What do you do during the clarifying stage?

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skyfire322

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I'm two days in, and have really only checked for bubbles, water level on the airlock, and also the aroma to make sure it doesn't smell funky.

Do you typically check SG, degas/stir, taste, etc.? Or is it just a matter of watching to see when it's clear?
 

salcoco

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patience and watching. tasting after everything clears and minimum three months passed.
 

heatherd

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@skyfire322, that depends on whether you're making wine from a kit or grapes/juice.

For a kit, you'll want to follow the instructions. You can degas more and age more than the instructions with good results.

I typically degas a bit, add kmeta every three months, and let time do the degassing and clearing. So I don't regularly use clearing agents.

That said, I have 13 gallons of Muscat Canelli from grapes and juice that is still gassy and cloudy at 10 months. I'll keep racking and stirring until the wine clears. I find that cloudiness can often be because of gas; when I get a cloudy wine degassed, it will clear like magic.
 

Scooter68

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SG checks aren't that critical but I would check the pH. Once fermented dry, the likelihood of change in SG is nil. The acidity on the other hand could change and an occasional check is worthwhile.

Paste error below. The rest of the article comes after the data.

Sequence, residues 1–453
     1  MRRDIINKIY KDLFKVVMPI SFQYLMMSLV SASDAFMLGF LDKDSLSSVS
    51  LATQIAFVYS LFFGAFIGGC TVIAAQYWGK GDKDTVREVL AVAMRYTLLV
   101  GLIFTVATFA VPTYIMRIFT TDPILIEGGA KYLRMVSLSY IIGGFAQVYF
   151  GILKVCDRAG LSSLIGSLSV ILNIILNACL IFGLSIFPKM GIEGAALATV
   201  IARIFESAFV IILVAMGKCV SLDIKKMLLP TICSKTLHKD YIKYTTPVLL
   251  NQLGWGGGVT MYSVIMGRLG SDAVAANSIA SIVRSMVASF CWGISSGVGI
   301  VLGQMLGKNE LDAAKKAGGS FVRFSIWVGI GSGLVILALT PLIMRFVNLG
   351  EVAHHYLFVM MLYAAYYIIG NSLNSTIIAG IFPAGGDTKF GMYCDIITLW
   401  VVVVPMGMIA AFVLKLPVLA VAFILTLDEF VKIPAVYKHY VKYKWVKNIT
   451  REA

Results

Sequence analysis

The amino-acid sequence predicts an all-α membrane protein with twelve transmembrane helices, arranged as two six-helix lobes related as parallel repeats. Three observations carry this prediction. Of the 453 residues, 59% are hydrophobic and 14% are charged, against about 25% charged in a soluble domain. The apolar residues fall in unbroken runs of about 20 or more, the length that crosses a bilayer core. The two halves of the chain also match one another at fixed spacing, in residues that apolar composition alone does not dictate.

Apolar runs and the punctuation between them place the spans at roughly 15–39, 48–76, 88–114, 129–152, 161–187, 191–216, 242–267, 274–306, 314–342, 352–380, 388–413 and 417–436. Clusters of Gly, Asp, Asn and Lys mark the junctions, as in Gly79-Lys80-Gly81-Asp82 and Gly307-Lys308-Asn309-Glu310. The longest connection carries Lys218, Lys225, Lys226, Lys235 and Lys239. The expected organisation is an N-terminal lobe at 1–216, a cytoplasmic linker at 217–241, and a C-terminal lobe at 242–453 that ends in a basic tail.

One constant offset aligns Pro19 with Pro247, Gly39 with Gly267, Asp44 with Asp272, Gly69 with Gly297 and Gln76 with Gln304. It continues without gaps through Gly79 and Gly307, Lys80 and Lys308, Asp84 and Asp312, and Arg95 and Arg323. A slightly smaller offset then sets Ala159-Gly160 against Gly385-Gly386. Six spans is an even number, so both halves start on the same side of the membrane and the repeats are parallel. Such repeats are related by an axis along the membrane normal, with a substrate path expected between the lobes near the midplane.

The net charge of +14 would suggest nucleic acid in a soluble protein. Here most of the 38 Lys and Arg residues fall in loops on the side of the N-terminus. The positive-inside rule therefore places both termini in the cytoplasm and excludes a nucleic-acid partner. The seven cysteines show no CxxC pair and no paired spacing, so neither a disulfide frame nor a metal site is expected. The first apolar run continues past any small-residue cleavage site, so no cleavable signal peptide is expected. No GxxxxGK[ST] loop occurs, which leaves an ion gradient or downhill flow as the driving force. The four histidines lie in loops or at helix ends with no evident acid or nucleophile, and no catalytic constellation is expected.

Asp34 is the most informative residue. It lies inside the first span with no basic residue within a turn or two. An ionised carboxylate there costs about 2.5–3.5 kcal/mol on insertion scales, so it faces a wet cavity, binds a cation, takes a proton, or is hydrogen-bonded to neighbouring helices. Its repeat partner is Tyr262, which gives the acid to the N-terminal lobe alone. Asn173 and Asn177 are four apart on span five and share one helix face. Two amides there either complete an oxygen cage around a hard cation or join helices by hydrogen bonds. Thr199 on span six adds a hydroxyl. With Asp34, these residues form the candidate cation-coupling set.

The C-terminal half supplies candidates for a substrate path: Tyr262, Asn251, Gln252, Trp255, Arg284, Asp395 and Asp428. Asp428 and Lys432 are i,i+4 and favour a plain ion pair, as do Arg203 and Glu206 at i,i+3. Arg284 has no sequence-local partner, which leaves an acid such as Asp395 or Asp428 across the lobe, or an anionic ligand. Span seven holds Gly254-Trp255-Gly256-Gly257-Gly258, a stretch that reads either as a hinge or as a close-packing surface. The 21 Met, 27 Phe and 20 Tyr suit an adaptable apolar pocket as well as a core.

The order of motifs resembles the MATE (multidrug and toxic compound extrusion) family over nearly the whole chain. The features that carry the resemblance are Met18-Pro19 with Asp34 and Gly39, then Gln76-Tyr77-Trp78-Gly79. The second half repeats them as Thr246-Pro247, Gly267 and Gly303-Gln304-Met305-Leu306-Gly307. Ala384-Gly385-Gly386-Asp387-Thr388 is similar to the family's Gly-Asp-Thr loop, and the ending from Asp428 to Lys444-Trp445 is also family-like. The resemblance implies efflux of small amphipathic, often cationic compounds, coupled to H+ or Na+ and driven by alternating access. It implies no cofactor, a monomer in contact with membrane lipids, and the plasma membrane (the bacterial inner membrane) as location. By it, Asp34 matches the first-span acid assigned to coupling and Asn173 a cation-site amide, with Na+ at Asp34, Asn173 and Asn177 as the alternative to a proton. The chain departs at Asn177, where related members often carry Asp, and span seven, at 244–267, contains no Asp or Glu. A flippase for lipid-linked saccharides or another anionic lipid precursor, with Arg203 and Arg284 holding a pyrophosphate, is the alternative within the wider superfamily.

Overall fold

boofloveswine

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I am in the same spot, make a LE16 kit wine which is my first one. I am 2 1/2 weeks into clarifying and it has a slightly gassy smell. Vacuum splash racked both times i transferred. But I should also wait three months to bottle?
 

jgmann67

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I am in the same spot, make a LE16 kit wine which is my first one. I am 2 1/2 weeks into clarifying and it has a slightly gassy smell. Vacuum splash racked both times i transferred. But I should also wait three months to bottle?

You should wait until your wine is ready to go into the bottle. Maybe 3 months... maybe 6. Rack it at three months and see - is it clear? Is it degassed? Is it good? Can you keep your hands off of it while it ages another 9-15 months?

If you're "yes" to each, okay, you can bottle.
 

Mismost

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I fish, hunt, or go shoot sporting clays. But, most days I actually just work because it makes my boss look good.

I do peek under the tee shirts covering the carboys once in a while.
 

Scooter68

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Wine under airlock and topped off properly is exposed to less oxygen than a bottled wine and able to de-gass itself. Nothing bad is going to happen if aged in bulk properly. On the other hand once you bottle, no more gas can escape, no additions can be made - you have locked it up as far as adjustments. Should the wine need a little pH adjustment or a little back-sweetening down the road, practically speaking that's not possible.

Rushing to bottle is not in your best interest. A minimum of 6 months and normally don't serve until at least a year. You and those you share you wine with will never regret the wait.
 

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